David Cornwell, one of Roethlisberger's attorneys, said his client will cooperate with the league.
"I contacted the league as soon as the recent allegations were made against Ben," Cornwell said in a statement. "We agreed that I would keep the NFL apprised of all developments as they warrant. I believe the commissioner will allow us to focus on matters in Georgia, but we look forward to meeting with (Goodell) and addressing any concerns he may have."
If Roethlisberger is charged in connection with the early March incident that took place during a night of bar-hopping, he could be disciplined for violating the league's personal conduct policy.
Since enacting the policy in 2007, Goodell has suspended players before they were convicted of any crime. Sex offenses fall under the umbrella of transgressions that can lead to punishment under the personal conduct policy.
The policy also allows Goodell to order players to get treatment if he deems there is a problem.
The league had said it was monitoring the Roethlisberger situation prior to Goodell's announcement yesterday.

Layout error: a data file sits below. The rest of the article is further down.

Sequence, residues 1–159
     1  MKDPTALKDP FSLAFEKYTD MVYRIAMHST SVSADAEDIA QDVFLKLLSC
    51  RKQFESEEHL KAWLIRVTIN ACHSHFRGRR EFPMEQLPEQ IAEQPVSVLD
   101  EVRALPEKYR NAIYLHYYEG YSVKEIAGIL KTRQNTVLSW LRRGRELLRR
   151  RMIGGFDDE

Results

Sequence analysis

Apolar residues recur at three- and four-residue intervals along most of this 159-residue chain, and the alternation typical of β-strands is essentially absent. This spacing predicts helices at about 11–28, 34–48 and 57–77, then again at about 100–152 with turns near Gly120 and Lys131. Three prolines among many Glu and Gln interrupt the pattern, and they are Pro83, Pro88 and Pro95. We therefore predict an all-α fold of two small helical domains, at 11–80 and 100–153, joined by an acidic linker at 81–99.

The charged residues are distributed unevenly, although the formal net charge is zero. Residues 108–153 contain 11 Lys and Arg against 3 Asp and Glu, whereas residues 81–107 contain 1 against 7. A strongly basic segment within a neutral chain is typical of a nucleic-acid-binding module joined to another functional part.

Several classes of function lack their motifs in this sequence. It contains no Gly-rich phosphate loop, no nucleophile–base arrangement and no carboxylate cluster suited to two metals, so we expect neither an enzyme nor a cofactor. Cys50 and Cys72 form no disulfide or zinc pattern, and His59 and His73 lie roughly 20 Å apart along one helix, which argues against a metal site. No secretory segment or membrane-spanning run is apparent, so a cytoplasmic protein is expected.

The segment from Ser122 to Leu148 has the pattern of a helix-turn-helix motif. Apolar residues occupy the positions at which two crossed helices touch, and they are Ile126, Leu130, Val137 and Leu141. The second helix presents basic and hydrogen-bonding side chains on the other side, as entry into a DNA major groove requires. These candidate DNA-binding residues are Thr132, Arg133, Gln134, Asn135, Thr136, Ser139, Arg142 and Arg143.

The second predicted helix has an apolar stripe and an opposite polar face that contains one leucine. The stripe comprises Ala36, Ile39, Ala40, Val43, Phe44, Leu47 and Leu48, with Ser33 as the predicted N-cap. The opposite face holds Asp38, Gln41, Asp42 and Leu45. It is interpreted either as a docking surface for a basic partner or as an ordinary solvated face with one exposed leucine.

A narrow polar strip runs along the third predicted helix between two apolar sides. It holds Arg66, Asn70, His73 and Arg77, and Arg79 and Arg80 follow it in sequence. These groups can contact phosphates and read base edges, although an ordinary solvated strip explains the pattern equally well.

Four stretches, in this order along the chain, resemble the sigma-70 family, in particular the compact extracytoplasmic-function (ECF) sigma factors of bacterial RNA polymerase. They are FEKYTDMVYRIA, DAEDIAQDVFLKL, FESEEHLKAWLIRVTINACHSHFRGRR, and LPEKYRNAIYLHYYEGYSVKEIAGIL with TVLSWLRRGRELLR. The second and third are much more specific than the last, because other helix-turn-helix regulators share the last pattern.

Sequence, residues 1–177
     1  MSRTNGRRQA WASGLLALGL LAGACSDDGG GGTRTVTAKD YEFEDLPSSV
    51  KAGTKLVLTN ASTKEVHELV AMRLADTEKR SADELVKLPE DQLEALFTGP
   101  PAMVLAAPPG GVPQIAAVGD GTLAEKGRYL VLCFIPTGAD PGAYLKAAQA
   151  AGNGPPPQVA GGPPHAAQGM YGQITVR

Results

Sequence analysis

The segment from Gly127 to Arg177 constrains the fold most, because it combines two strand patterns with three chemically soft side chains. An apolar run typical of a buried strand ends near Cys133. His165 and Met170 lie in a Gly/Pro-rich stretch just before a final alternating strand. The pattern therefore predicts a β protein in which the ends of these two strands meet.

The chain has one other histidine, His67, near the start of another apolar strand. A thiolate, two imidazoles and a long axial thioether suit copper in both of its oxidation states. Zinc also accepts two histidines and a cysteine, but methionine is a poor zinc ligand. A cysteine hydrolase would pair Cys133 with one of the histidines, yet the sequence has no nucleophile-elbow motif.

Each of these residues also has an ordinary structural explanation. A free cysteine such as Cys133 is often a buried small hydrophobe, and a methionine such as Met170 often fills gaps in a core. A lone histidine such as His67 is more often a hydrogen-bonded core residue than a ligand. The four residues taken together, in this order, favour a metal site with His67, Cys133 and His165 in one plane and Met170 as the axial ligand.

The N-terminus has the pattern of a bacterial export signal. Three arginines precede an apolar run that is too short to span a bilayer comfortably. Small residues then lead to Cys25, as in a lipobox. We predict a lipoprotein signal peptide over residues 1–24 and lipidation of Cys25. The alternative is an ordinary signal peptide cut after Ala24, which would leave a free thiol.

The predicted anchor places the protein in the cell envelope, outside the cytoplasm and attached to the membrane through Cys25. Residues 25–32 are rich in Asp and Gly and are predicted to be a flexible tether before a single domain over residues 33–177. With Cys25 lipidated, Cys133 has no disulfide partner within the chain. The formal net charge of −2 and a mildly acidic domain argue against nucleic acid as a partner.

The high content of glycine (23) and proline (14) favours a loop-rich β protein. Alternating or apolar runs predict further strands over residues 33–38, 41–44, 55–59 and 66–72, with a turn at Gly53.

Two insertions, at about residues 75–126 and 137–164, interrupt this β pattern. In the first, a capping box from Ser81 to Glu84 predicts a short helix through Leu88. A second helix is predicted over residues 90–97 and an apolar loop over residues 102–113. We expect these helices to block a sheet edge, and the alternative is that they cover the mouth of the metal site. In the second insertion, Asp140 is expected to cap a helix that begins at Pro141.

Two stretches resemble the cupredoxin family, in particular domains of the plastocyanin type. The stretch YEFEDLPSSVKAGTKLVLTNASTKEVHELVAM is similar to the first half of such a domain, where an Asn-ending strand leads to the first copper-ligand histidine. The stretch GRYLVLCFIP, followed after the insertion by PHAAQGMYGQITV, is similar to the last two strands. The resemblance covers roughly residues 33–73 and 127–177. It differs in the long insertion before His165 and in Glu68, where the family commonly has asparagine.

"At the appropriate time, I will meet with Ben," Goodell said.
Steelers coach Mike Tomlin on ...
Dennis Dixon establishing himself as the Steelers' No. 2 quarterback :
"If he continues on that path, I see no reason why he shouldn't. I'm not going to assume anything. One thing that's been pleasant is that he's '10 toes in' the offseason program. He has a nice presence around the building. He's really growing and maturing in those ways. Ultimately, those decisions are made inside the white lines."
The signings the Steelers have made since the start of free agency :
"I really feel great. I think part of us getting better and putting ourselves to be a championship-caliber team for 2010 is strengthening ourselves, creating a more competitive environment, having better quality depth. I think with the moves that we've made it's been an improvement in those areas. I think that is critical to us being one of those elite football teams."
Wide receiver Antwaan Randle El fulfilling a multidimensional role as he did with the Steelers from 2002-05 :
"I know that he has a unique skill set, and I'm open to exploring what he's capable of doing for us. I'm not going to assume he's the same guy he was when he left here. Four years is a long time in football terms, but we know what he's capable of. We know he's got great spirit. We know he's a good teammate. I'm interested in watching all those guys compete and let the roles define themselves as we push forward."
Why the Steelers went 9-7 in 2009 after having time to step back and look back at the season :